Between 3 and 6 months they begin to show you what they can do with the information they’ve been taking in and you will likely notice:

  • They recognize people who are important in their lives and want to be near them.
  • Snuggling- your child will snuggle into you when they are looking for comfort
  • Waving of arms and legs when they are excited.

Around 6 to 9 months your infant will:

  • Pat at a mirror when they see their image
  • Make intentional sounds, at this stage called babbling to gain and sustain the attention of another person.
  • Respond to angry voices, friendly voices and their own name.
  • May become upset when separated from familiar people.

During what some consider the last three months of infanthood, 9 to 11 months look for:

  • “Jargon” the next step after babbling. This begins to sound like real speech and you will hear the same combination of sounds often.
  • Shouting or making loud sounds intentionally to get attention.
  • Showing affection for important people in their lives.

Red Flag Behaviors

Children develop at different rates, that’s why the milestones are described in ranges, however, if your infant does not:

  • respond to voices or sounds,
  • avoids eye contact or fails to signal that they want or need something through gestures, pointing or sounds
  • fails to be comforted by their parent’s voice or touch

Talk to your child’s doctor to see if screening is appropriate. Never be afraid to ask if you have questions or concerns about your child’s well-being.

Toddler Social Emotional Development

Posted by: on Feb 19, 2014 in Blog | 49 Comments

Toddler Social Emotional Development

Toddlers, having more physical abilities than infants are exploring their world in new and exciting ways. This leads to more opportunities for social emotional development. Here are some of the typical developmental milestones you are either noticing now, or can look forward to seeing soon enough:

Self-Control

  • Comes when name is called
  • Sits for a couple of minutes with an adult
  • Will allow an adult to redirect them in cases of inappropriate of unsafe behavior
  • Begins to follow routines and rules in group settings

Self-Expression

  • Intentionally interacts in art and music activities
  • Pretends and imitates adult behaviors

Self-Awareness

  • Will have favorite things, such as foods, toys and people
  • Will find self in a group picture
  • Identifies body parts
  • Knows which things are theirs, such as clothes, shoes, toys
  • “No” enters their vocabulary-big time!

Builds Relationships with Peers

  • Will join a group activity with children and an adult
  • Plays near other children (parallel play)
  • Know the names of other children
  • Will ask why another child is crying
  • Imitates the feelings of other children around them, laughing or crying or shouting

Builds Personal Relationships with Adults (caregivers/teachers)

  • Moves toward an adult for physical contact
  • Seeks adult approval for accomplishments
  • Reaches up to an adult to be lifted or for a hug
  • Wants to share activities with an adult
  • Smiles when greeted by an adult

 

Red Flags

If you notice some of the following behaviors, or lack of behaviors, you may want to consult a professional:

  • Requires constant attention to stick with an activity
  • Is unable to stay with a single activity for a brief amount of time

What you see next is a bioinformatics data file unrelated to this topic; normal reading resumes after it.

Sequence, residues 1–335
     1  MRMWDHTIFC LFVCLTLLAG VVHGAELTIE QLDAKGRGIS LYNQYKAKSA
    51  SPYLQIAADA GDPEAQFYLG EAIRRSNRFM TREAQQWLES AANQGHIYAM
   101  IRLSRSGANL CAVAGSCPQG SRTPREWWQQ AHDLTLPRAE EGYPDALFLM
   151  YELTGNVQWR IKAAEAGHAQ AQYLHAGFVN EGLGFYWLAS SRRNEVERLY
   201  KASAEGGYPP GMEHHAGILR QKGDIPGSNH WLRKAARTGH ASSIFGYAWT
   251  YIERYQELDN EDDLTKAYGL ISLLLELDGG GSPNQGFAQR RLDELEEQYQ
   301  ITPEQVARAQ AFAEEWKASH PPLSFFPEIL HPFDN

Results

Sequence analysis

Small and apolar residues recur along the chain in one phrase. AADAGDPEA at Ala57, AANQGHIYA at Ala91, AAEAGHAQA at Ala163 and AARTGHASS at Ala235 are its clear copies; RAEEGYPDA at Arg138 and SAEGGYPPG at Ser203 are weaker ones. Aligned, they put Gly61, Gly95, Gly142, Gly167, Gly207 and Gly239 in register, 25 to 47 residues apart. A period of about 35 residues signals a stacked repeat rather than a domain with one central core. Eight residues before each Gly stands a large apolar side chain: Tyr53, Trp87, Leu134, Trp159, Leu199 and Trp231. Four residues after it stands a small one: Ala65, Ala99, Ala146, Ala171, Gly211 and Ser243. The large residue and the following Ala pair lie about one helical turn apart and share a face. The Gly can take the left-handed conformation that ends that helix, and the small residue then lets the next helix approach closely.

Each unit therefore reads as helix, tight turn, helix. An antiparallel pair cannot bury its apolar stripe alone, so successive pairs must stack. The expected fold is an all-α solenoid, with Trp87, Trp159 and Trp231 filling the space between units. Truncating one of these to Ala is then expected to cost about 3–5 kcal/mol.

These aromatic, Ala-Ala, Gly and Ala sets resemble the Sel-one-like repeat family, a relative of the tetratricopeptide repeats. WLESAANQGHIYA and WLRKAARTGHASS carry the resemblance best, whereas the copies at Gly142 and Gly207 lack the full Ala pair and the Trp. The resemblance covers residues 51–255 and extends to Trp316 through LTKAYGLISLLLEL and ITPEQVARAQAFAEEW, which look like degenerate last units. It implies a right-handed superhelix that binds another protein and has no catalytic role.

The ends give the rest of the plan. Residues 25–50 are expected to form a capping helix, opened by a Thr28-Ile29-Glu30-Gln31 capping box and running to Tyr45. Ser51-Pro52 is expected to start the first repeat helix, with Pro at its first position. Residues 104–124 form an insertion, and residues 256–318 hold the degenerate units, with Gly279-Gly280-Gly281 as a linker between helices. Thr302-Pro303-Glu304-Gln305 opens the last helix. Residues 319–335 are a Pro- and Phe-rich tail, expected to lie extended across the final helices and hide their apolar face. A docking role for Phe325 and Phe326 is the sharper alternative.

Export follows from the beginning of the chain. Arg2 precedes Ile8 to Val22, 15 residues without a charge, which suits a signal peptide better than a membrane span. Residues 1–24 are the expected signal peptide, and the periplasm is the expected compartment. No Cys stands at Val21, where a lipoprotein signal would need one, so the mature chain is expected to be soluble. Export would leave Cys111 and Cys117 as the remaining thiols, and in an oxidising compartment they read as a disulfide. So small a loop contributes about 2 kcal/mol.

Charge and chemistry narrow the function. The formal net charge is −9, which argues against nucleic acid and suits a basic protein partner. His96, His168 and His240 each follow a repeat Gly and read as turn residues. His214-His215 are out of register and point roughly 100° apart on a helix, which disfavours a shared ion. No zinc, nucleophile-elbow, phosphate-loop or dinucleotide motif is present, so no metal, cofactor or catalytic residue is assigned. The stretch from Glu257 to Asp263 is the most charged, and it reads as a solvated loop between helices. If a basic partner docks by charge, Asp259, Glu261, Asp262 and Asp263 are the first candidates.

• Doesn’t show interest in other children
  • Doesn’t imitate
  • Your child often becomes “extremely” upset with schedules or routines change. Children like and need routine but are typically able to make adjustments with prompting and encouragement. This is behavior that goes beyond typical upset.

Children develop at different rates, some sooner, some later and that is part of the typical human experience, no need for concern. That being said if you have questions or concerns at any time regarding your child’s development don’t hesitate to talk to your child’s doctor.

Valentine Treat

Posted by: on Feb 12, 2014 in Blog | 55 Comments

Valentine Treat

Shortbread cookies are easy to make, simple to decorate and just plain yummy.

This is my variation on a recipe from Food Network’s Ina Garten.

Valentine Shortbread Hearts

Ingredients:

3 sticks of butter, room temperature

1 cup of white sugar

1 teaspoon of vanilla extract

3 ½ cups of flour

¼ teaspoon of salt

Directions:

In a large bowl, cream together the butter and sugar with a mixer

When well combined, add the vanilla

Add the flour and salt, use the mixer until it just comes together

Note: Room temperature at my house is still cold, so the butter was a bit stiff even after 24 hours. I added a bit of water to make sure my dough held together. 1 Tablespoon should do it, but only if you need it.

Tip the mixture onto a piece of plastic wrap, form it into a disk, cover it completely with the plastic wrap and refrigerate for 30 minutes

After 30 minutes (or more- it will be fine if it sits longer) roll out the dough to ¼ inch thickness on a floured surface

Cut hearts out with a cookie cutter and place on an ungreased baking sheet

This dough does not spread out, so don’t worry about leaving a lot of space between cookies

Bake in a preheated 350 degree oven for about 10 minutes

Watch carefully, you want the edges to just begin to brown but this is not a dark cookie, your baking time will depend on your oven as well as the size of your cookies

When cool drizzle with confectioner sugar glaze or melted chocolate (I made a lemon glaze with confectioners’ sugar and lemon juice.  I also melted some white chocolate with cream and added a bit of food coloring)

Share with someone you love!

Let us know how your batch turned out. Send us a picture.

 

cookie pic